PBA sets new rules
Joaquin Henson (The Philippine Star) - February 19, 2020 - 12:00am

MANILA, Philippines — PBA commissioner Willie Marcial has taken steps to make the game more exciting with less delays in the action starting the 45th season with a major rule change involving the reset of the shot clock to 14 seconds on every frontcourt inbound in the last two minutes.

Marcial presented the proposed rule changes during the planning session and meeting with the PBA Board of Governors during the annual conference in Milan last month. Then, Marcial convened this year’s Competition Committee made up of coaches Leo Austria of San Miguel Beer, Caloy Garcia of Rain or Shine, Nash Racela of Blackwater and Louie Alas of Phoenix to discuss the changes with deputy commissioner Eric Castro and technical committee officials Bong Pascual, Mauro Bengua and Joey Guanio.

Castro and the technical staff has so far visited the practice gyms of six PBA teams to explain the rule changes. All 12 teams will be briefed before the next season opens on March 8. The new rules will also be applied in the coming PBA D-League conference starting March 2.

Castro said every rule change is significant but singled out the shot clock reset as the most impactful. “On all team possessions that will be inbounded on the front court, the shot clock will be at 14 seconds,” he said. “In the last two minutes, if a team asks for a timeout and opts to inbound on the frontcourt, the shot clock will be only 14 seconds. If the inbound is on the backcourt, the shot clock is 24 seconds or whatever time is remaining on the shot clock. The shot clock will start when a live ball is touched or legally touched by a player on the court.”

Castro said in the last two minutes, if a team in possession inbounds from the backcourt and crosses the mid-court line then calls a timeout, the inbound will be with whatever time is left on the shot clock. “If, for instance, there are 20 seconds left on the shot clock in the last two minutes and a team in possession opts to inbound from the frontcourt, the reset is 14 seconds, meaning there will still be a balance of six seconds on the game clock,” he said. The option gives a coach a chance to make a strategic decision which could be decisive in the last two minutes.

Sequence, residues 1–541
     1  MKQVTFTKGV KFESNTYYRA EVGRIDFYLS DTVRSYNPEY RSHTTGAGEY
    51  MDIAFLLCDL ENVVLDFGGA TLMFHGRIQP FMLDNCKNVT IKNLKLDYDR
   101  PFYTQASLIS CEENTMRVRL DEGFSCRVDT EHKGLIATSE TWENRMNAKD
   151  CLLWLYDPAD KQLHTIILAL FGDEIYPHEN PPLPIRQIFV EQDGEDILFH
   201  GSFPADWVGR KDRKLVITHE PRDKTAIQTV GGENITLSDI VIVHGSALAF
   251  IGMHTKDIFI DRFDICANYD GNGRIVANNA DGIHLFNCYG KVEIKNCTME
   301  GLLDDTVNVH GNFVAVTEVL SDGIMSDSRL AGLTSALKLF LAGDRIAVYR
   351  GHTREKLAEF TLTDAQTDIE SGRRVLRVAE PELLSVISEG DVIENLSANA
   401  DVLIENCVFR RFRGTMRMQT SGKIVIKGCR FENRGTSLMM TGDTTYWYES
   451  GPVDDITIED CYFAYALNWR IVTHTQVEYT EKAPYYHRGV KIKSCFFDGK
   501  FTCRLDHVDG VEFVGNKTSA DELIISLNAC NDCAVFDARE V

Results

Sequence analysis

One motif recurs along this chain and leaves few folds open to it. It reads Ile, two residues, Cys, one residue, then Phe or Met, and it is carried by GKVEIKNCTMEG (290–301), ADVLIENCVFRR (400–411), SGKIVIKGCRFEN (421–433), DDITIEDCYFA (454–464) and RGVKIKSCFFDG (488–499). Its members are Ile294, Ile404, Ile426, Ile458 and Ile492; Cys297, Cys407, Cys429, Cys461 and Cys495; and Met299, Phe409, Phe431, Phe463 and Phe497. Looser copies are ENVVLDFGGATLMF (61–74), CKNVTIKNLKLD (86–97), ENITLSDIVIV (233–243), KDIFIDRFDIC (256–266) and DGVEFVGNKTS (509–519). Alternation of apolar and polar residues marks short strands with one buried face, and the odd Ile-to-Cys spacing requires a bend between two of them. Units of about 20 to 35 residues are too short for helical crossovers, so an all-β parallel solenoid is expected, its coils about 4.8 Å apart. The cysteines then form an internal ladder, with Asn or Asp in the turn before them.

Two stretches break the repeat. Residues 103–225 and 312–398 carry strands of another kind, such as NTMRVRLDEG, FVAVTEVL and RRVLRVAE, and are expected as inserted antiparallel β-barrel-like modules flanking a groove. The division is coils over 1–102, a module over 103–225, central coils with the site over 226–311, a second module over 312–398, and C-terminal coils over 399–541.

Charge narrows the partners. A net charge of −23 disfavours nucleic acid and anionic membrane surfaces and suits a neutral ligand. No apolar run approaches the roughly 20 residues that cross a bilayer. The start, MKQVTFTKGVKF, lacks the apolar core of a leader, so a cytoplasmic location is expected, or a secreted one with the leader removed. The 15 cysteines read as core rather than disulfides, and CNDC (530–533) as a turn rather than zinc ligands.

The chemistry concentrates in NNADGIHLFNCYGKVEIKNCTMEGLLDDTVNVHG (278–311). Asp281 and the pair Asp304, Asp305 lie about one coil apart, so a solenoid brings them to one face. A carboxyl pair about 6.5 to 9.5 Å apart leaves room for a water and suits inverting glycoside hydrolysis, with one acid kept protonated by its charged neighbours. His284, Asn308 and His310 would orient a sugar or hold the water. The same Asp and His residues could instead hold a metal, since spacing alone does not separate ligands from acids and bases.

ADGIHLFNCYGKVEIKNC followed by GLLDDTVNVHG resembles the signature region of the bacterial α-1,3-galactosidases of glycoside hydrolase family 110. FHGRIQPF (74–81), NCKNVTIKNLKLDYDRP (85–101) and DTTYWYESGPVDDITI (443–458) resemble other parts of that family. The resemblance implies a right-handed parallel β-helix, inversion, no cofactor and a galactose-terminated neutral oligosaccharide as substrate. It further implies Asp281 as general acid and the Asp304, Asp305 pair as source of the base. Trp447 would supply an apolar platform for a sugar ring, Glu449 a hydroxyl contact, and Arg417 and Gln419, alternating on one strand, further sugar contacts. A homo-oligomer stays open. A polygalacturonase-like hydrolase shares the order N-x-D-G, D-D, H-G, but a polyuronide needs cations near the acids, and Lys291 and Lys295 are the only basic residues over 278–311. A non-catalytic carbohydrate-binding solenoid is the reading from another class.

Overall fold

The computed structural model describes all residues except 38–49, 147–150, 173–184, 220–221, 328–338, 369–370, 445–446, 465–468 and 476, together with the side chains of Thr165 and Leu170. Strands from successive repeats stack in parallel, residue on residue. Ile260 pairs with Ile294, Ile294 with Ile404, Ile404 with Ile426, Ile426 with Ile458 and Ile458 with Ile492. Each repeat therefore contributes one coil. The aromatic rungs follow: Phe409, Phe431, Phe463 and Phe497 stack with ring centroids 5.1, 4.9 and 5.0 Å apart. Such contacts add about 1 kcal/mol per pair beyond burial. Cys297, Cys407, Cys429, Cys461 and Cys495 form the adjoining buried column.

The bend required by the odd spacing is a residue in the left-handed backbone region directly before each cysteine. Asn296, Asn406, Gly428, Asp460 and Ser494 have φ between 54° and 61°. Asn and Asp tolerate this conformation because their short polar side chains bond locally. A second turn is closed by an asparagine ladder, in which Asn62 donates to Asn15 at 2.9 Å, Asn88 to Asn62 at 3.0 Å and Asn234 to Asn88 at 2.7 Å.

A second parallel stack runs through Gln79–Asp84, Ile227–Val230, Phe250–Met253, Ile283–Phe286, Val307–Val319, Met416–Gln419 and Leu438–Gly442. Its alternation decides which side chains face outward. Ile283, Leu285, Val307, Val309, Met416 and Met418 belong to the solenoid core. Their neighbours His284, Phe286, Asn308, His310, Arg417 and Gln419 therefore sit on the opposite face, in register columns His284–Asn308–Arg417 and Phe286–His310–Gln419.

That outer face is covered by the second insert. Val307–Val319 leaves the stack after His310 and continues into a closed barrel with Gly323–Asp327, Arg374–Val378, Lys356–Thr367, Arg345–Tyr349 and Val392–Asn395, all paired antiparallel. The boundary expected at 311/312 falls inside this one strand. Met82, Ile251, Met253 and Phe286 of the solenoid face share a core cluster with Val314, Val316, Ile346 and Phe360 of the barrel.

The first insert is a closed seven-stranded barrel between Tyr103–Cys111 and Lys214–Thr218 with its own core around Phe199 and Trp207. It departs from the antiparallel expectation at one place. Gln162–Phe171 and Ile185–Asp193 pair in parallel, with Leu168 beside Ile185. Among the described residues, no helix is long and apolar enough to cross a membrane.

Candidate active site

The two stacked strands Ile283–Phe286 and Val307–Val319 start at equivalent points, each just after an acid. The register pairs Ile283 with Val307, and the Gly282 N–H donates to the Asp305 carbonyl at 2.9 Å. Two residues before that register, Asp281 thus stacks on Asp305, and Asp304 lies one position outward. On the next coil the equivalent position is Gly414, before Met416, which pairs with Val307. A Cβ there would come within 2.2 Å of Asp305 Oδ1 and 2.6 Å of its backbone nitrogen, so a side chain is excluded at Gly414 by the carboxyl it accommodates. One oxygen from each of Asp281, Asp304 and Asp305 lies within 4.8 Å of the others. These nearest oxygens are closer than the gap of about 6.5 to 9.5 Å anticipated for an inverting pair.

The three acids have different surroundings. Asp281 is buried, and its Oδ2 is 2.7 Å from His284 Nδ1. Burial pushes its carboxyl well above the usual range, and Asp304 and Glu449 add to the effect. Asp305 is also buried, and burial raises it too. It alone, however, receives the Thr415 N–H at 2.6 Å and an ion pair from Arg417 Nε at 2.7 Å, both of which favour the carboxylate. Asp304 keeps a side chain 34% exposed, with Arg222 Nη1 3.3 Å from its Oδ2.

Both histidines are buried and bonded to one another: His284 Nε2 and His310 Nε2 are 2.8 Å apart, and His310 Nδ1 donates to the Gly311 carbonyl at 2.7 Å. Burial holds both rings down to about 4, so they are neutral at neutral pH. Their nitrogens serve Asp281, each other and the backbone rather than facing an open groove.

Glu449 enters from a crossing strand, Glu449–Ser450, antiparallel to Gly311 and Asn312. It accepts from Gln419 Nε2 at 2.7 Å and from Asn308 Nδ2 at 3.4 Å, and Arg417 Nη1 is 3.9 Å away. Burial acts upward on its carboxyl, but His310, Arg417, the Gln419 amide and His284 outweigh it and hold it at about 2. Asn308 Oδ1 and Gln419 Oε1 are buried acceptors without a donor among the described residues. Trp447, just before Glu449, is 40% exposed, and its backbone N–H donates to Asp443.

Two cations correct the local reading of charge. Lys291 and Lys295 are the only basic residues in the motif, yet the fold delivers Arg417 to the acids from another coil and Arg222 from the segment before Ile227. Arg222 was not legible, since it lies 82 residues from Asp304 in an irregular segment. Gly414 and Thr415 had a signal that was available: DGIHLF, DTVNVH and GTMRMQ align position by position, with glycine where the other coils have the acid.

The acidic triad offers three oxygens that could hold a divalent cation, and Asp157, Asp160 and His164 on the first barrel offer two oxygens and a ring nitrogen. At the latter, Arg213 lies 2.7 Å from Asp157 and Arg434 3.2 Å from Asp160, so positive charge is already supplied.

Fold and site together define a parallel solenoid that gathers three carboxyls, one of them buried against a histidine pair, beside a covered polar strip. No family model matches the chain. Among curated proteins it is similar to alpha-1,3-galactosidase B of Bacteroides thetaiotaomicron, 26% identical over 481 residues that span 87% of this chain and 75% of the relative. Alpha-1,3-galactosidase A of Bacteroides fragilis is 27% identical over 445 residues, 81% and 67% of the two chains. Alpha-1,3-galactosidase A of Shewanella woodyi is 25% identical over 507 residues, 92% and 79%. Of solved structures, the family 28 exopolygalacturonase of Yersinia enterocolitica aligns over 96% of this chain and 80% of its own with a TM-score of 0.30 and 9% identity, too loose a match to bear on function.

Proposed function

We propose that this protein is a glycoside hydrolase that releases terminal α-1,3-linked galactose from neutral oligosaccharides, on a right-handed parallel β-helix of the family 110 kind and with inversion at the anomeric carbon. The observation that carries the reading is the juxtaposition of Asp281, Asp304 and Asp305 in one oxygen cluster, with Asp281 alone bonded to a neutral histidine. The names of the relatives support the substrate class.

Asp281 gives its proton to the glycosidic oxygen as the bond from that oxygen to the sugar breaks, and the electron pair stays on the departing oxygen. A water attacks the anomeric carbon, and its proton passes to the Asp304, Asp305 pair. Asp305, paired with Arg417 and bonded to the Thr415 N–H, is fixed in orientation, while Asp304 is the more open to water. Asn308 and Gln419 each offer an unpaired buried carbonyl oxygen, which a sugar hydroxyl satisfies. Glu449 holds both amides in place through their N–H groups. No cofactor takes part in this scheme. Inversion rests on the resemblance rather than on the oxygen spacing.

Another rule change is allowing both teams to make substitutions without restrictions during a 30-second timeout. Previously, a team that called a 30-second timeout had the right to make the first substitution and only if the first substitution was made, could the other team make a substitution. “We used to have a 20-second injury timeout rule where the injured player could be replaced but the other team could not make a substitution,” said Castro. “During commissioner Jun Bernardino’s term, the rule was changed to a 30-second timeout with the team calling the timeout given the right to make the first substitution. Now, we’re allowing substitutions up to five players at the teams’ discretion during a 30-second timeout. If the team that asks for a timeout does not make a substitution, the other team may still make a substitution.”

Castro said snatching of the ball will not be tolerated during a deadball situation. “A player who snatches the ball away from an opponent during a deadball situation shall be given a warning for taunting,” he said. “Once a player from the same team has already been given a warning, a technical or flagrant foul, snatching of the ball shall result in an outright technical foul.”

Castro noted that in a deadball situation, the referee must take control of the ball before it is inbounded. “We want to take away the incidence of a confrontation or some kind of trouble,” he said. “It may happen when a team is called for a traveling violation. The guilty party may hang on to the ball in which case a delay of game warning is given or the other team may quickly snatch it out of the guilty party’s hands, creating a possible confrontation.”

Castro said there will be a new schedule of fines and penalties imposed for flagrant and technical fouls. In a conference, a player that is tagged with a fifth flagrant foul penalty 1 is given a fine ranging from P5,000 to P10,000 with an automatic one-game suspension. A player who is tagged with a fifth technical foul in the conference is fined P4,600 and given an automatic one-game suspension. A flagrant foul penalty 2 will mean a fine of a minimum P20,000 and a suspension at the commissioner’s discretion.

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